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Overcoming men's health support barriers
Overcoming men's health support barriers
Men generally avoid taking help-seeking behaviour even when they need it, so let's look at ways to overcome that.
Alexander Pan avatar
Written by Alexander Pan
Updated over a week ago

Taking care of one's physical and mental health is important for leading a happier and healthier life. However, studies have shown that while men have shorter lifespans than women and are more likely to experience health problems and engage in risky behaviours, they're also less likely to engage with health services or mental health professionals, and are more likely to think that their health is fine.

This indicates that barriers exist between men dealing with mental ill-health and getting the support they need. We're going to take a look at this issue and explore what sort of mental health support barriers exist for Australian men, and bring awareness to what can be done to overcome these barriers.

Understanding the barriers

The 'Ten to Men' study has found that up to 25 per cent of Australian men will experience a diagnosed mental health disorder in their lifetime, and 15 per cent experience a disorder within a 12-month period. It was also found that loneliness was significantly associated with experiences of depression and suicidality among Australian men, well above factors such as area-level socio-economic disadvantage and unemployment. It's also been found that men average seven out of nine suicides every day in the country, and the number of men who die by suicide is nearly double the national road toll.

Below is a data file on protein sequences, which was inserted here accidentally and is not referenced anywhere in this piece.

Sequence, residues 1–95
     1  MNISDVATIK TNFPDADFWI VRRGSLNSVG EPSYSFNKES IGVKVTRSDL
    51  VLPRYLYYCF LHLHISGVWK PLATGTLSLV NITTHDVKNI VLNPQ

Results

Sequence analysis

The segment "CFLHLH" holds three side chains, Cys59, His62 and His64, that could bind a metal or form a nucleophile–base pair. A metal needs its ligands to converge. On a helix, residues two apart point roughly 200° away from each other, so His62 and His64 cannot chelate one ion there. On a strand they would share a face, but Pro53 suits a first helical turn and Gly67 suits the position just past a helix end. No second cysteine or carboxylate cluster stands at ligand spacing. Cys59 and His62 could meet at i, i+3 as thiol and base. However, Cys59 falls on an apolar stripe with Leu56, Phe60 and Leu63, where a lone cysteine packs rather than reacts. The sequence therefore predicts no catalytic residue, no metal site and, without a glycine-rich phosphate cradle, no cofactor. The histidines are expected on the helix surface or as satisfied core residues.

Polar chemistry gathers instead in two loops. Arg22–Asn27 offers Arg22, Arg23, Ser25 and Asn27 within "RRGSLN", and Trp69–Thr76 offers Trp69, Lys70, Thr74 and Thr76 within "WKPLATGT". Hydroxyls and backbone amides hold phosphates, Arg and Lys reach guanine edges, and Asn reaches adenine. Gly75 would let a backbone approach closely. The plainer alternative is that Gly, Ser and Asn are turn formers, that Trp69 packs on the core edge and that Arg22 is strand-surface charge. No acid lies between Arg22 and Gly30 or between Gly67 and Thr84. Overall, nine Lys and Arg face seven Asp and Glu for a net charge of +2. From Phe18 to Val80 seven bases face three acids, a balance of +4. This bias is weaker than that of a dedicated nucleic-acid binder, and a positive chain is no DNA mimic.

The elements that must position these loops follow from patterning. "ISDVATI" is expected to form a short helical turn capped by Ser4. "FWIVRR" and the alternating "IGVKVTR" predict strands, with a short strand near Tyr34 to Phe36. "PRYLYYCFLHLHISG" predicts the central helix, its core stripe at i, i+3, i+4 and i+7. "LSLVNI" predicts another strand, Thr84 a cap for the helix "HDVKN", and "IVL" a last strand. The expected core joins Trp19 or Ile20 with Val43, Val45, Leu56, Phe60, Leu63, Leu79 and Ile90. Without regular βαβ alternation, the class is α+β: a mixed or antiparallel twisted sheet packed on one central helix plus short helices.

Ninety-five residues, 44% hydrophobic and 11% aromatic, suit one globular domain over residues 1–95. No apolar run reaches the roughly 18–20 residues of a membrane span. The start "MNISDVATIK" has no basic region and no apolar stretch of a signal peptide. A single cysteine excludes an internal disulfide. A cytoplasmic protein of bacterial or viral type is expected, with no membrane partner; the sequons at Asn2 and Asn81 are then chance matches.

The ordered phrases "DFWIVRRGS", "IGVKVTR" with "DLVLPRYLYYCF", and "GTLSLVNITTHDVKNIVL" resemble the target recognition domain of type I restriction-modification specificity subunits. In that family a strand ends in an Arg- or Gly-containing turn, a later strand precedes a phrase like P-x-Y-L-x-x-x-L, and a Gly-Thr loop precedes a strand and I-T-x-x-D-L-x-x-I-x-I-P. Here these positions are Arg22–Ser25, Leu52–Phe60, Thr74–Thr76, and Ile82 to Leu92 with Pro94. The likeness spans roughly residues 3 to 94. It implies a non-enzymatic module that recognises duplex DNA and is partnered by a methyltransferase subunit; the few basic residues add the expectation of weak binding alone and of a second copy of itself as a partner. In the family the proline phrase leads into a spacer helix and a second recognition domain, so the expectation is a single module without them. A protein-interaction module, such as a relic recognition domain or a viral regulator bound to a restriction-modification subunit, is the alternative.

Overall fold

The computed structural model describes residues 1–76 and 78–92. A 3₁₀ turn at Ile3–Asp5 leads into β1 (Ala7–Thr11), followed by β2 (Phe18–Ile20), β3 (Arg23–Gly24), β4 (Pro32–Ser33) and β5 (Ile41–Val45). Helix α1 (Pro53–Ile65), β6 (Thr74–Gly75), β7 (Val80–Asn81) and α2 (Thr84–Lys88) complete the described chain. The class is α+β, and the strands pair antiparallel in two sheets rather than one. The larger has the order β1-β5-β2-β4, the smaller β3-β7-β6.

More worryingly, research has found that many Australian men weren't accessing professional support from mental health specialists. Although 80 per cent of men with depression, anxiety, and/or any suicidality had seen a GP between 2013 to 2014, only 40 per cent had seen a mental health professional.

These statistics highlight one important question - What's preventing men from seeking help when they need it? It's a relatively simple question with a complex answer.

Socio-economic and socio-demographic factors

According to the Ten to Men study on Australian men’s health, several socio-demographic factors were associated with poor mental health, such as higher area-level disadvantage, unemployment, being divorced or separated, identifying as LGBTQ+ and/or identifying as First Nation Australians.

The main barriers to health care for men aged 18 to 60 years between 2015 and 2016 were found to be:

  • Cost of accessing services - 52.4 per cent of men

  • Long wait time or no appointments available - 35.1 per cent of men

  • Decided to not seek care - 16.7 per cent of men

  • Too busy/other responsibilities - 15.2 per cent of men

  • No service in area - 14.1 per cent of men

  • Transportation problems - 6.7 per cent of men

  • Not taking new patients - 6.4 per cent of men

  • Lack of skilled doctors - 1.9 per cent of men

  • Language barrier - 1.0 per cent of men